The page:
abstract = "Background: Trans youth have been reported to have high rates of self-harm, suicidality and bullying, and find it difficult to seek support. However, much of this research comes from gender identity clinics and non-clinic samples and those who reject gender binaries remain under-researched.Aims(s): This study investigated a community school-based sample of trans, Other, and cis-gendered adolescents and their experience of self-harm, suicidality, bullying and help-seeking. Methods: An online survey was completed by 8440 13-17 year olds (3625 male, 4361 female, 227 Other, 55 Trans).Results: There were significantly higher rates of self-harm amongst the peers of trans and Other students, and of thoughts about harming oneself. These students reported significantly higher rates of bulling and depression and significantly less support from teachers and staff at school, in fact these students did not know where to go to access help. Discussion: This community sample confirms findings of high rates of self-harm, suicidality, depression and bullying previously reported in clinic-based samples. However, by accessing a community sample, the salience of the category ‘Other’ was established for young people today. While Other and trans identified students struggled to find support, those who identified as trans were more likely to have been bullied, and have experienced depression and thoughts of self-harm. Thus those who identify as Trans represent a high risk group that need targeted support within schools and by statutory and non-statutory community services. Unpacking the category of Other would be beneficial for future research, as well as exploring resilience within this group and intersecting identities such as sexuality, race and social class.",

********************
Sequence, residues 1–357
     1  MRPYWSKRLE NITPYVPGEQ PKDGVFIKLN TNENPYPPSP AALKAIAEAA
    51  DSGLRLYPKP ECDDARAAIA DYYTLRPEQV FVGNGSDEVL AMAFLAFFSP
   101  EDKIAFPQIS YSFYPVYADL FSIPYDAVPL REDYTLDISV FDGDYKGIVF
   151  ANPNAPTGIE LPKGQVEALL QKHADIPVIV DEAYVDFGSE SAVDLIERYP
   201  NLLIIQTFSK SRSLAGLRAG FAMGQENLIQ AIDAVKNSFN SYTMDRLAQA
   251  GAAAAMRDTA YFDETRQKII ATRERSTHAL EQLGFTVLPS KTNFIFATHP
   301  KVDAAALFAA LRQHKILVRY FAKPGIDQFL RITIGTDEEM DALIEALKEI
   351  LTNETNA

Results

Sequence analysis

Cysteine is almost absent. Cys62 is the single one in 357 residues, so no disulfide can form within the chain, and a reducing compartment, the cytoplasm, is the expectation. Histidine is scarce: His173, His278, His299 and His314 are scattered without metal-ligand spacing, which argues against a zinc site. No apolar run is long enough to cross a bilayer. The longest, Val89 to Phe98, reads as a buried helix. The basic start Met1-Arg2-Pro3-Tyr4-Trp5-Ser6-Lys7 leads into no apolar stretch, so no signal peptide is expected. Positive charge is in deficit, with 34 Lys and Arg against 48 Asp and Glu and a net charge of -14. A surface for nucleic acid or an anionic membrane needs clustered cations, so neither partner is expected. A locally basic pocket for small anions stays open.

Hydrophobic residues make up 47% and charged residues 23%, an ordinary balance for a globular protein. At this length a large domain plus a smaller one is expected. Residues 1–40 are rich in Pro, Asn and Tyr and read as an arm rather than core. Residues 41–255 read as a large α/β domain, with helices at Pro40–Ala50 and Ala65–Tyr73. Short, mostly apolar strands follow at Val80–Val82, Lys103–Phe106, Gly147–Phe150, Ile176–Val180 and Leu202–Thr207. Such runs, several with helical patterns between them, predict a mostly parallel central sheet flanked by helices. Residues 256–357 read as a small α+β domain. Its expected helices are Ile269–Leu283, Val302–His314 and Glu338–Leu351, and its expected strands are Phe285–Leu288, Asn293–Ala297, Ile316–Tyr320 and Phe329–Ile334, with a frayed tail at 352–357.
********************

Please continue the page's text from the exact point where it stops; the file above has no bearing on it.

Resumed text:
keywords = "Transgender, Gender non-binary, self-harm, sucidiality, youth, community",
author = "Catherine Butler and Richard Joiner",
year = "2019",
month = "4",
day = "29",
language = "English",
journal = "International Journal of Transgenderism",
issn = "1553-2739",
publisher = "Taylor and Francis",

}

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AU - Joiner, Richard